Milton Friedman triumphs, kind of.

Loosening current licensing restrictions on the range of services that nurses, physician assistants, dental hygienists and pharmacists are permitted to perform would help patients on balance, because the additional safety risks would be small compared to the decreased costs in waiting time and fees.

This is one of the statements that the expert economists in the IGM Forum were asked to agree or disagree on, and give their reasons.

The bottom line? 52% agreed and only 2% disagreed with 29% being uncertain or having no opinion. (I can’t tell you what the difference is between being uncertain and having no opinion. I also can’t tell you why the percentages, which cover all the possible categories, don’t add to anything close to 100%.)

One highlight:
As often happens and as often happened in the late 1970s when he and I were colleagues at the University of Rochester, Richard Thaler reveals his common-sensical inner libertarian, writing:

Pharmacists must be the most underemployed professionals. Lots of schooling to count pills. In France they actually do stuff.

This reminds me of a story. I was prescribed a drug some years ago and when I went to take it, I realized that I had not told the prescribing doctor about another drug I was taking. I wanted to know if there might be interactions. It was late at night and there was only one pharmacy open in the Monterey area. It didn’t happen to be the pharmacy that had filled my Rx.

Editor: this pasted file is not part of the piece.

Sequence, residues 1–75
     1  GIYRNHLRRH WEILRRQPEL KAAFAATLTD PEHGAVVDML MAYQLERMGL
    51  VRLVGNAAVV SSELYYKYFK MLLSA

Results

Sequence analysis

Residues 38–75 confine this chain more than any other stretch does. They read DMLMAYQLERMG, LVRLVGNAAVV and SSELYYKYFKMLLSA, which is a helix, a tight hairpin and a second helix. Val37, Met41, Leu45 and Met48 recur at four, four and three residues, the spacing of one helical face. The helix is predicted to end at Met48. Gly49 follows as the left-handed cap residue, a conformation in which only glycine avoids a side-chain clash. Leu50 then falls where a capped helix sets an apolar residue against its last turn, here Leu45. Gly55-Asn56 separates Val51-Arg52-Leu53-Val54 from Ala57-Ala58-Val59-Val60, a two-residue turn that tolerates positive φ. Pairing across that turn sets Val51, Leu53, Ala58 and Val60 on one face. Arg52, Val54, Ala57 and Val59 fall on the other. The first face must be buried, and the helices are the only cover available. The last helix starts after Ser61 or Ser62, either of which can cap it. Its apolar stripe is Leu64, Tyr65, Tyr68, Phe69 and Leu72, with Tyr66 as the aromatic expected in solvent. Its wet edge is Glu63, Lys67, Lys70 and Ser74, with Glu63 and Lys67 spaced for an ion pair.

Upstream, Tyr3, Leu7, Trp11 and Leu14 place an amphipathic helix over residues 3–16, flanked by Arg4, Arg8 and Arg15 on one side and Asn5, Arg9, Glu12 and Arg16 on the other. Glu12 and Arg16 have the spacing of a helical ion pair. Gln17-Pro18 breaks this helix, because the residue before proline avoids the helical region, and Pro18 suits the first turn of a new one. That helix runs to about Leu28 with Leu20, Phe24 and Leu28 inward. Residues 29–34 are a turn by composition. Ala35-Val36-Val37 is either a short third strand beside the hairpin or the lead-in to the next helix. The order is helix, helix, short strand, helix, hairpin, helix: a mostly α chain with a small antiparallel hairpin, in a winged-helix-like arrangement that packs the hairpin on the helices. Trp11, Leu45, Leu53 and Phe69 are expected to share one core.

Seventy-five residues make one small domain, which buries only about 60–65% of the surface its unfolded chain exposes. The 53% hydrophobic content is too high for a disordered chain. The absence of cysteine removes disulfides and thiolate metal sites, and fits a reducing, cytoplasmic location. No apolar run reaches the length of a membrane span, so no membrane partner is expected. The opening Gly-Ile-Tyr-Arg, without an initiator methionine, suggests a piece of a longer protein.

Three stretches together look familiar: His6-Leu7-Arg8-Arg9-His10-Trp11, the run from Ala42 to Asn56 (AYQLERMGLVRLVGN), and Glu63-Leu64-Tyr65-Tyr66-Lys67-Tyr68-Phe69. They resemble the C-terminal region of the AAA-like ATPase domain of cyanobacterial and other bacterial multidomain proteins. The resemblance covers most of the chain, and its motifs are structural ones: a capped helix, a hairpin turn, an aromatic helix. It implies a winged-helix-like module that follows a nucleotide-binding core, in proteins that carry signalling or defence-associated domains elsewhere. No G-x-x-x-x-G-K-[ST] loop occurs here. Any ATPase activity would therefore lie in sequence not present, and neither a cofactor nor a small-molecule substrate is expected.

But I was concerned. I called up the pharmacy and felt duty-bound to tell the pharmacist that his pharmacy had not filled my Rx. “That’s alright,” he said, “Ask me your question.” So I did and he answered with a lot of enthusiasm.

“Of course,” I later thought, “he got a chance to use his expertise.” So a part of my routine, when I give talks about how heavily health care is regulated in America, is to tell that story and explain what is probably a great deal of frustration on the part of many pharmacists. My line I end with is: “Look at all the years of training they get and once they get to their jobs, what do they do? Count.”

[That’s an exaggeration, I know. Occasionally they get to formulate drugs.]

Why do I say that Milton Friedman triumphs? Because he almost single-handedly, in the economics profession [the other one was the late Reuben Kessel] got the case against health-care licensing treated seriously with his chapter on it in Capitalism and Freedom.

HT to Daniel Klein.

UPDATE: Note this paragraph, though, from a recent article in which the authors, E. Frank Stephenson and Erin E. Wendt, scoured undergraduate labor economics textbooks for their treatment of occupational licensing:

Despite the importance of occupational licensing and a considerable body of
economic research, again, as shown in Table 1, five in-print undergraduate textbooks
in labor economics fail to do justice to the topic. We are not aware of any that does
better. [DRH note: Three of the five had no mention of licensing at all.]

“Occupational Licensing: Scant Treatment in Labor Texts.” Econ Journal Watch. Volume 6, Number 2. May 2009, pp. 181-194.